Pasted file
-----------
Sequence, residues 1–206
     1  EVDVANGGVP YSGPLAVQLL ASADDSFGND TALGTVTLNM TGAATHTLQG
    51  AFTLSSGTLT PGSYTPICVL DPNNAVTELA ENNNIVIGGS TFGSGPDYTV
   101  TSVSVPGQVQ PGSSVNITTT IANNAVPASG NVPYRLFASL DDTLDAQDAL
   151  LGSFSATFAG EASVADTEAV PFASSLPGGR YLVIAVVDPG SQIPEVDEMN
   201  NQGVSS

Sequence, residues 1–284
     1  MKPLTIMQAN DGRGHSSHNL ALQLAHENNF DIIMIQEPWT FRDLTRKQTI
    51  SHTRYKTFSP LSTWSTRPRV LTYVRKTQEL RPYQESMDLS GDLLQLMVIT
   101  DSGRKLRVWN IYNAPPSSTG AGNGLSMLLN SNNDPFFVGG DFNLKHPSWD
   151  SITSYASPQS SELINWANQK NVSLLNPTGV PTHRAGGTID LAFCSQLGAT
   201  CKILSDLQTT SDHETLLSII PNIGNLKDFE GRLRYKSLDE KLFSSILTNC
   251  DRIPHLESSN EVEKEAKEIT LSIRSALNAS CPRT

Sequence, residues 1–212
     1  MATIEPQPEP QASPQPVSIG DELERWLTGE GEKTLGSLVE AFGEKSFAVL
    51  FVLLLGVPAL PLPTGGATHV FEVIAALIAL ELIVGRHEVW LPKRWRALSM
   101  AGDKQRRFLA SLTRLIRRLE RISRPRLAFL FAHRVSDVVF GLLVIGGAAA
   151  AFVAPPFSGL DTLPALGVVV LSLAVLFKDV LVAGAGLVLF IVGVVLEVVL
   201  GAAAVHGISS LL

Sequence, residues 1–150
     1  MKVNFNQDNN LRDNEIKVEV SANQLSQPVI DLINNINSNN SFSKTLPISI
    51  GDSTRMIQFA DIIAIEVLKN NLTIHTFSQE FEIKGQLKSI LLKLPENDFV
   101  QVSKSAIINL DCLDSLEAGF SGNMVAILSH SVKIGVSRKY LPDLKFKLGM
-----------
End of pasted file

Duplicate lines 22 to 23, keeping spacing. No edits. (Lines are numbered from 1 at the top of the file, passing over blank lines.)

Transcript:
    51  GDSTRMIQFA DIIAIEVLKN NLTIHTFSQE FEIKGQLKSI LLKLPENDFV
   101  QVSKSAIINL DCLDSLEAGF SGNMVAILSH SVKIGVSRKY LPDLKFKLGM